and the third the cough drop com- ; Smith, Missouri ...................C
pany's star eleven, chosen by thie Smith, Brown............. ..RG
College -HumorSmith, Fordham................RT
C eAll-Anerican Animal Team Smith, Oregon.................RE
Lamb, Coe.....................LE Smith, Colgate ..................... Q
Baer, Michigan..................LT Smith, Beloit..................LH
Wolf, Chicago..................LG Smith, Michigan State ............ RH
Bull, Union College..............C Smith, Vermont..................F
Wolf, Florida .........RG If the University of Chicago football
Swan, Stanford.................RT coach will not be offended, we will
Fox, Haskell..........RE appoint Stagg as coach of the animal
IFox, Redlands...................Qteam. Cracker of Jackson would
Fox, Northwestern ............... RI make an excellent trainer.
Fox r San Diego State...........LU
Crabb, Pittsburgh................F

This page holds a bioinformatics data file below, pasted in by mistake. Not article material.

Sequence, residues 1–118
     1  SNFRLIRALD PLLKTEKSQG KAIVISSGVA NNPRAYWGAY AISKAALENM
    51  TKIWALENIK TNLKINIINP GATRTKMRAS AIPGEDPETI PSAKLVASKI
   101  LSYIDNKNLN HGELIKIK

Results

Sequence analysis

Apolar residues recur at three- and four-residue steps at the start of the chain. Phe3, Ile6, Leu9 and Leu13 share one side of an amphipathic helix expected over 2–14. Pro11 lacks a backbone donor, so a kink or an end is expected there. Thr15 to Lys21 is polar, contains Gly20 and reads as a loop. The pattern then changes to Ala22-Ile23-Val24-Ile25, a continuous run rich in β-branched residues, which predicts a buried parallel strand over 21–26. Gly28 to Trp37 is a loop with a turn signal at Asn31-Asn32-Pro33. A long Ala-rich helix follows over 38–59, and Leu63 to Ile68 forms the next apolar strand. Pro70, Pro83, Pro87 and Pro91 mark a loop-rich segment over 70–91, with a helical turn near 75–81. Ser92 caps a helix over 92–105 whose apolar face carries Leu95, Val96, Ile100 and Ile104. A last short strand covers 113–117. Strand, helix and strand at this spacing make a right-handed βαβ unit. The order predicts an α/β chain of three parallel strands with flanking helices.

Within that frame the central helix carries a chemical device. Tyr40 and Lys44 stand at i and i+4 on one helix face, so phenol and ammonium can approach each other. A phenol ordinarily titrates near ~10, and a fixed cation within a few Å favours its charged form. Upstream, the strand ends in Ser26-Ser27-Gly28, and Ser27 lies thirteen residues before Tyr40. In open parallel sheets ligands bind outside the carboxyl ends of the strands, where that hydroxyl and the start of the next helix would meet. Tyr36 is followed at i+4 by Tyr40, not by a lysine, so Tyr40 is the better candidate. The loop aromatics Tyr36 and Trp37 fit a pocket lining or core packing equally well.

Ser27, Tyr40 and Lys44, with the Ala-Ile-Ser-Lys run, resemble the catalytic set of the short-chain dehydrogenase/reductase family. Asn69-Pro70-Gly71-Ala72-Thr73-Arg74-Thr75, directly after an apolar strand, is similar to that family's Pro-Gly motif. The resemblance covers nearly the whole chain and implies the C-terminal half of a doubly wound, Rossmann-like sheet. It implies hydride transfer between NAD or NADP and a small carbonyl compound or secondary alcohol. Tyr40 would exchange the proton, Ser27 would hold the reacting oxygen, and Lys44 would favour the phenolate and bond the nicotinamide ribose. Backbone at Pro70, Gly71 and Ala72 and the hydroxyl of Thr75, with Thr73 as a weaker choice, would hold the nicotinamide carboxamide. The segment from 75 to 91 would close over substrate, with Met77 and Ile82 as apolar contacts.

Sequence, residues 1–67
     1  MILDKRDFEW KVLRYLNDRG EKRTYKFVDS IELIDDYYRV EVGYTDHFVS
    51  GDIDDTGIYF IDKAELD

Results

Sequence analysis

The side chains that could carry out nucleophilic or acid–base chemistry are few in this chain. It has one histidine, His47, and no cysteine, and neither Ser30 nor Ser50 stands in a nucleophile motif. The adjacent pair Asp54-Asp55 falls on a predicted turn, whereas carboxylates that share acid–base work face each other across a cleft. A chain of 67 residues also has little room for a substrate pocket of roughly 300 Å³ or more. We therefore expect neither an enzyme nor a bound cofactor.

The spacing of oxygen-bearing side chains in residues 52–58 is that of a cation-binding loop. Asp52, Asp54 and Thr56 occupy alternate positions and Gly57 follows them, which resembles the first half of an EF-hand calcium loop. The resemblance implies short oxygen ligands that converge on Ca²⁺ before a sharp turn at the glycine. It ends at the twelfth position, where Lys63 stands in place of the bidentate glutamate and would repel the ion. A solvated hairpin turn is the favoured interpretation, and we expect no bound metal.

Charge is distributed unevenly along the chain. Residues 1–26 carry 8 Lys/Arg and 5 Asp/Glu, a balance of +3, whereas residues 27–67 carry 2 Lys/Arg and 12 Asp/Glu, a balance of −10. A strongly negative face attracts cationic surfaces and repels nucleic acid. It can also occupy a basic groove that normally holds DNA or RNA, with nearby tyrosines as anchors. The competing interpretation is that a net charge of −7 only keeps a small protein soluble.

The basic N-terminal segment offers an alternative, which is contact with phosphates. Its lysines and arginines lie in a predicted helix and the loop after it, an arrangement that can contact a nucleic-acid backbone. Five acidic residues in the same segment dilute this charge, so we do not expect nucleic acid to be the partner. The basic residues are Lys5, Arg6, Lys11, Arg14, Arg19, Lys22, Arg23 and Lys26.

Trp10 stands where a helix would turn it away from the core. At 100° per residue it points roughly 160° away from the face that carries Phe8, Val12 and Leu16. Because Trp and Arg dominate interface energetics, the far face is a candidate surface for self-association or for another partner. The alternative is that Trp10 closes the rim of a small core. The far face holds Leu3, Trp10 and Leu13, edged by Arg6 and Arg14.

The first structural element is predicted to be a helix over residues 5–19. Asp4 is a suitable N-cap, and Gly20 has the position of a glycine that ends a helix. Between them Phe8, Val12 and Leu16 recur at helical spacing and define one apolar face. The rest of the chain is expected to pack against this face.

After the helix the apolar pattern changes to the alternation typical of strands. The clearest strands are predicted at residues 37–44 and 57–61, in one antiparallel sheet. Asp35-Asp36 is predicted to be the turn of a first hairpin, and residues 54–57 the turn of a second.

All-American Automobile .Eleven I INTRAMURAL COURT I
Nash, Georgia .................... LE: iMANA GERS
Packard, Williams... ........LT
Miller, Amherst ................. LG All basketball managers should
Holmes, Alabama... .............C I make arrangements for practice
Nash, Occidental . ................RG sessions as soon as possible at
Ford, Northwestern ............. IRT Ithe intramural office. Practice
Studebaker, Missouri ............. RE began last night.
Royse, Butler ..................... ..

ur Coats
aired fine
durable--
ed odorless
balue $6S
COMPANY

Joe McGinnity, of the New York
Giants, pitched and won three double
headers in one month in 1903.
ST. LOUIS.-Bob O'Farrf11 has been
selected as the most valuable player
in the National league.
NEW HAVEN.-The income from
the Yale footbalf games this year was
$800,000.
William Webster, lineman, has been
selected Yale captain for next season.

WXGNER&
Jor mlen 7

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Our line of furnishings is exceptional in